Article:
Other new classes include the show, hidden, and invisible classes. Show pretty much speaks for itself, but what's the difference between the latter two? Hidden physically collapses the space used by the element, so if you have it in a full height div for example, that div will collapse down to its smallest height. However if you use invisible, the element retains its space (and also still occupies its place in the element flow), but it vanishes from view.

We've already seen that a new class called sr-only has been introduced to mark a block as being visible to screen readers and nothing else. There is now another class like this that is used for graphical headings.

If you define a page title using an image banner, a typical screen reader will be unable to tell what the text in the image says. For a long time, many authors have used a hack called image replacement to get around this. Image replacement works by wrapping the image banner in an H1 or some other standard-type tag, putting the name in it as clear text alongside the image banner, then using CSS to move the text off screen.

What then happens is that display-wise, the image banner is seen by those with good sight, but those using a screen reader hear the reader say the actual text in the image banner.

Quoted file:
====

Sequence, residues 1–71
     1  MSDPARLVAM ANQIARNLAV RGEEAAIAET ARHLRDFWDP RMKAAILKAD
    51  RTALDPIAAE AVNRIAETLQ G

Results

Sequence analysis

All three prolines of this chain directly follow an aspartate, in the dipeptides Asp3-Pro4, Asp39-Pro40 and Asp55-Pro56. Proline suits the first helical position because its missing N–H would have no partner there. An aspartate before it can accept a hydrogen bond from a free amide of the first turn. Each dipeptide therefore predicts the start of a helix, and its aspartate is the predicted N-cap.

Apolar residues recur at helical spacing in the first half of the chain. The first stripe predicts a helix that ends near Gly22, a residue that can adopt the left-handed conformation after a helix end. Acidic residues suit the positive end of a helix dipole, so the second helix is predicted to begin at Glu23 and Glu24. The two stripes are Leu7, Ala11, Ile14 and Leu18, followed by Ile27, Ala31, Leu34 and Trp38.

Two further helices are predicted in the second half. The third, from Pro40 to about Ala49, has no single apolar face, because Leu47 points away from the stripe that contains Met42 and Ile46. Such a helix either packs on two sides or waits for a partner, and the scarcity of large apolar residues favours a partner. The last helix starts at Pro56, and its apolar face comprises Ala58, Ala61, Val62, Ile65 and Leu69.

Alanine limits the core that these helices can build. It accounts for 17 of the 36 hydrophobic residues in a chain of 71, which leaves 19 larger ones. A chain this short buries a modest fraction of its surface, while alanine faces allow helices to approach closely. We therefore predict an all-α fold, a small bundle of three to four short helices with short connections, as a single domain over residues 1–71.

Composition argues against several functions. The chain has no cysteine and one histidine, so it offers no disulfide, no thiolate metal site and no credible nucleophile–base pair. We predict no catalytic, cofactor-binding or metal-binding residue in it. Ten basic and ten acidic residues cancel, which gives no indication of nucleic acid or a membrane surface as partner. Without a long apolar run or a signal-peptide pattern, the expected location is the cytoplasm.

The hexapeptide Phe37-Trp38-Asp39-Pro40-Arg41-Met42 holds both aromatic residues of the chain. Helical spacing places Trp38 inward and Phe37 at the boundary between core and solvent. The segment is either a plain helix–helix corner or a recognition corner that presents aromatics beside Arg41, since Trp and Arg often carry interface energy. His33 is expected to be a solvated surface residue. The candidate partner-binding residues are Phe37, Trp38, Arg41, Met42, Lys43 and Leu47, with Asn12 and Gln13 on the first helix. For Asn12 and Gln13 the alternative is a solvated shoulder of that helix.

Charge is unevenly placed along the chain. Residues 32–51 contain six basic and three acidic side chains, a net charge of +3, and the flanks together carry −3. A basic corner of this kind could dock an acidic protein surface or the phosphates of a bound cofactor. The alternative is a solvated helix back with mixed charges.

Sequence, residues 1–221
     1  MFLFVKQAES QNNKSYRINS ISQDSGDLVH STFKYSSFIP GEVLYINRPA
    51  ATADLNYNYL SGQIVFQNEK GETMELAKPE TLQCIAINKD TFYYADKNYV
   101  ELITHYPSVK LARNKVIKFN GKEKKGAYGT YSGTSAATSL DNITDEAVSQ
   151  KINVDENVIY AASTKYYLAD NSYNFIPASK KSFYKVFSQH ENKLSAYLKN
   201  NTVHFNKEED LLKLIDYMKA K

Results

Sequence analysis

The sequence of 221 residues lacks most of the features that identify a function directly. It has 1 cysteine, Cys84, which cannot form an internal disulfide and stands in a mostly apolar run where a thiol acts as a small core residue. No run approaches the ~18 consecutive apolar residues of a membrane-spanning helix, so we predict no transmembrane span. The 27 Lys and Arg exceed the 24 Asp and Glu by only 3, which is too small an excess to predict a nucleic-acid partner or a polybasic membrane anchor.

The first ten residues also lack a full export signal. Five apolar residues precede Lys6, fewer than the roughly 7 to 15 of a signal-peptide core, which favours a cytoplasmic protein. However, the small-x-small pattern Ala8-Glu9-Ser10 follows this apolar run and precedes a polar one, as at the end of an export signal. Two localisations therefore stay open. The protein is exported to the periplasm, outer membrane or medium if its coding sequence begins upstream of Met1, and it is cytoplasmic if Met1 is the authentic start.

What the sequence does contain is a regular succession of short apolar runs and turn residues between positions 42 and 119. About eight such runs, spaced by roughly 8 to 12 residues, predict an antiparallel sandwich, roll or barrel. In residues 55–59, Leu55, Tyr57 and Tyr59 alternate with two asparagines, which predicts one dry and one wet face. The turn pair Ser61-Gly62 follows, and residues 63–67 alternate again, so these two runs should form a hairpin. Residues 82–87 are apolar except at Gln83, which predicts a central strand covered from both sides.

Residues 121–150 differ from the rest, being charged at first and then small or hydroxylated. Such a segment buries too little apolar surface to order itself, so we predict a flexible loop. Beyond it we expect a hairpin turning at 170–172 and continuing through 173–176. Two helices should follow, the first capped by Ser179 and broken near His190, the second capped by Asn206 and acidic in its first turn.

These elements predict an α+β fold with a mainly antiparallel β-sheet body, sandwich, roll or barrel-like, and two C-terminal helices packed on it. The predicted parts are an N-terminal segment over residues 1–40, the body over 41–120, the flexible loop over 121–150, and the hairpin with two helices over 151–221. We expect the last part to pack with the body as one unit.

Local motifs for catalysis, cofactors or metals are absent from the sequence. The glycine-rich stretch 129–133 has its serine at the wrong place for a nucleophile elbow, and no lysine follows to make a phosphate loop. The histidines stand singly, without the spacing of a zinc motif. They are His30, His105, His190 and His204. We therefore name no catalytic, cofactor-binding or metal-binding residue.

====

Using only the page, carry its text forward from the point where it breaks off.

BS3 now provides a class called text-hide in order to facilitate this. A simple example follows:

Finally, we come to the last of the last in the CSS changes section.

What good would a responsive web design framework be without utility classes to help you manage your responsive layouts?

"But hold on, we've covered that with grids," I hear you say, and yes, we have. But BS3 has one more trick up its sleeve, which in all fairness was present in BS2, but didn't really work all that well.

So what's this extra magic? Let me introduce you to the responsive visibility classes.

Essentially, what these little gems do is allow you to swap and change parts of your UI depending on your grid and display size.

Let's imagine, for example, that you have a list of email inbox items, and when it’s viewed on a desktop PC, each item has a preview next to it, much like in a classic email reading application. Something perhaps like the following: